The details of the three sections 22, 24 and 26 of the diaper 20 will be described in detail later. Suffice it for now to state that owing to their shape, construction and arrangement, they are arranged to be fabricated and assembled on a continuous basis into diapers or adult briefs more economically than the prior art, while offering the same level of protection from leakage and without any sacrifice in comfort or fit. In fact, the diapers/briefs of this invention are likely to prove more comfortable than prior art devices, particularly when the wearer is sitting down.

As best seen in FIGS. 1, 2 and 4-7, the diaper's front section 22 is of somewhat different shape than the rear section 24, although as will be described later they are of complementary shape to be die cut from a sheet or web of material without any wastage. In particular the front section 22 is a generally planar panel (although it may be two mirror image panels as will be described later) that includes a generally linear top edge 22A, a generally concave arcuate bottom edge 22B, and an opposed pair of linear side edges 22C and 22D (FIGS. 4-7). The rear section 24 is also a generally planar panel (although it may also be two mirror image panels as will be described later), formed of the same material(s) as the front panel(s), but having a a generally linear top edge 24A (FIGS. 5 & 7), a generally convex arcuate bottom edge 24B (FIGS. 2 and 4-7), and an opposed pair of linear side edges 24C and 24D (FIGS. 4-7). As will be described later, the front and rear sections can be constructed of various materials in various configurations and arrangements.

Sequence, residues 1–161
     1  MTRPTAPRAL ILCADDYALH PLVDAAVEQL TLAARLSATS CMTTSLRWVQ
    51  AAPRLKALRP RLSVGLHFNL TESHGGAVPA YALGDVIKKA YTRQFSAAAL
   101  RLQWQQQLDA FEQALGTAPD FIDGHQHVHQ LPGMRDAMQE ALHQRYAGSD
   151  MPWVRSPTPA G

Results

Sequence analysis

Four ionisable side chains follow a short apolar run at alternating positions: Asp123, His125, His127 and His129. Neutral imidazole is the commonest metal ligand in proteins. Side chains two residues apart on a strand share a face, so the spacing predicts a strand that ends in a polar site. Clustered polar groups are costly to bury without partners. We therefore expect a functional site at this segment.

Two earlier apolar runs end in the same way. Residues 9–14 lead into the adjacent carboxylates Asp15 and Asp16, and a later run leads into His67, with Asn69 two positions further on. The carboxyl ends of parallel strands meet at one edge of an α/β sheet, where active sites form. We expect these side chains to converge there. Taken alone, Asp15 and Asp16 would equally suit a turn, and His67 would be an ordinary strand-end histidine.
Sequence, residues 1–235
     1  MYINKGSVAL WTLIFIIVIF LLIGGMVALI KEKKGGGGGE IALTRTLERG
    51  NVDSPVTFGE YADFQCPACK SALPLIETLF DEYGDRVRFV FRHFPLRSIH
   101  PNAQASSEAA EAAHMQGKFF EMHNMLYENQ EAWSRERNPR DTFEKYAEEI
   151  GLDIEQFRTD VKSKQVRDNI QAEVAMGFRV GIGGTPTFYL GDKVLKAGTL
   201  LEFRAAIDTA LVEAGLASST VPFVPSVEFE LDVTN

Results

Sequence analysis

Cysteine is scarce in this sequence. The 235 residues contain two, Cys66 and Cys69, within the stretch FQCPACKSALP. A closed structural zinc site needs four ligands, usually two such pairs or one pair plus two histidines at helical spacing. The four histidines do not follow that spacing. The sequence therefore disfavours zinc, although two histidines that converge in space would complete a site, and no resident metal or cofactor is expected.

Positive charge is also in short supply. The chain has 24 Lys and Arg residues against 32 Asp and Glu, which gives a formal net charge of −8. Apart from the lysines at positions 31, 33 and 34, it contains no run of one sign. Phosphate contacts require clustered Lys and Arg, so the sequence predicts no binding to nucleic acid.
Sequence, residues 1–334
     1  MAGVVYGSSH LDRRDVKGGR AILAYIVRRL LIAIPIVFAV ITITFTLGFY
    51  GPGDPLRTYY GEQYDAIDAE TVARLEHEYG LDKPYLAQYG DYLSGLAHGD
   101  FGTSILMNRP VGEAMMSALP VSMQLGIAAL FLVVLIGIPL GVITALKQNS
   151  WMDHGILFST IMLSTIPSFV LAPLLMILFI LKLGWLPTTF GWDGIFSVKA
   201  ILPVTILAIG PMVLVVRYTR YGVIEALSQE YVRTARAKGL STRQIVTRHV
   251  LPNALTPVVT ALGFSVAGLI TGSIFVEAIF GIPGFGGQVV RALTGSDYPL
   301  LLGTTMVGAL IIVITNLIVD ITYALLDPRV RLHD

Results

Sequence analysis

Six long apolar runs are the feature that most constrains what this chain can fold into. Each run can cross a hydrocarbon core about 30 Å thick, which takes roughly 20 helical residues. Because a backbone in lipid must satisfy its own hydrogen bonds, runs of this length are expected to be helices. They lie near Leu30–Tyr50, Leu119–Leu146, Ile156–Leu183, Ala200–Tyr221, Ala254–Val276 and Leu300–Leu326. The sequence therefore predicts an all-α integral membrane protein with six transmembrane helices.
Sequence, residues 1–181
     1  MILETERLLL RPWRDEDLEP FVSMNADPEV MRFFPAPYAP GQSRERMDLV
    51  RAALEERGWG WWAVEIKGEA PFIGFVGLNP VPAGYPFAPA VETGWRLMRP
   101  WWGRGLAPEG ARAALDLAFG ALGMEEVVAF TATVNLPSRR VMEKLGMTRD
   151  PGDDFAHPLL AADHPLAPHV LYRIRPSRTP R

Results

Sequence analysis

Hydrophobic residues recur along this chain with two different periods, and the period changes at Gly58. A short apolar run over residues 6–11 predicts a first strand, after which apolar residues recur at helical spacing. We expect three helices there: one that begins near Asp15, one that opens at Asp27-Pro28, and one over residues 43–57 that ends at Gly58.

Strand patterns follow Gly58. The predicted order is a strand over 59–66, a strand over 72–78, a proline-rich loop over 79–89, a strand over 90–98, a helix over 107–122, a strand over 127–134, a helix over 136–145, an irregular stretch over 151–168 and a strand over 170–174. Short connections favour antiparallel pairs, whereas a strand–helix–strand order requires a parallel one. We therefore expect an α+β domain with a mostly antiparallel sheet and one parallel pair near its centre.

The details of the intermediate section 26 forming the crotch portion of the diaper 20 will also be described later (there are also various embodiments of that section). Suffice it for now to state that the intermediate section 26 is an elongated member that includes an opposed pair of end regions 32 and 34 (FIGS. 1, 2 and 4-7), which are fixedly secured to the inner surface of the front and rear sections 22 and 24, respectively. The intermediate section 26 is in the form of a generally planar member which is elasticized (as will be described later) to enable it to form a somewhat cup-shaped or bucket-shaped member having a pair of upstanding walls to conform to the crotch of the wearer between the wearer's legs. The intermediate section 26 includes a pair of long, linear sides 26A and 26B, and a pair of short linear end edges 26C and 26D (FIGS. 1, 2 and 4-7).

The side edge 24C of the rear section 24 is arranged to be releasably secured by means of at least one and preferably two fastening tapes 36, e.g., an adhesive tape or a multi-hook fastening tape, to a portion of the front section panel 22 adjacent the side edge 22C. In a similar manner the side edge 24D of the rear section 24 is arranged to be releasably secured by means of at least one and preferably two similar fastening tapes to a portion of the front section 22 adjacent the side edge 22D. Depending upon the material(s) forming the front section 22 and the construction of the fastening tapes 36, the front section may include at least one, and preferably two “landing zones” 38 (FIGS. 1 and 2) whose details will be described later. Suffice for now to state that the landing zones provide areas on the front panel to which the fastening tapes 36 may be releasably secured repeatedly to enable the wearer to achieve a good fit and to enable the diaper brief to be put on and taken off as many times as desired.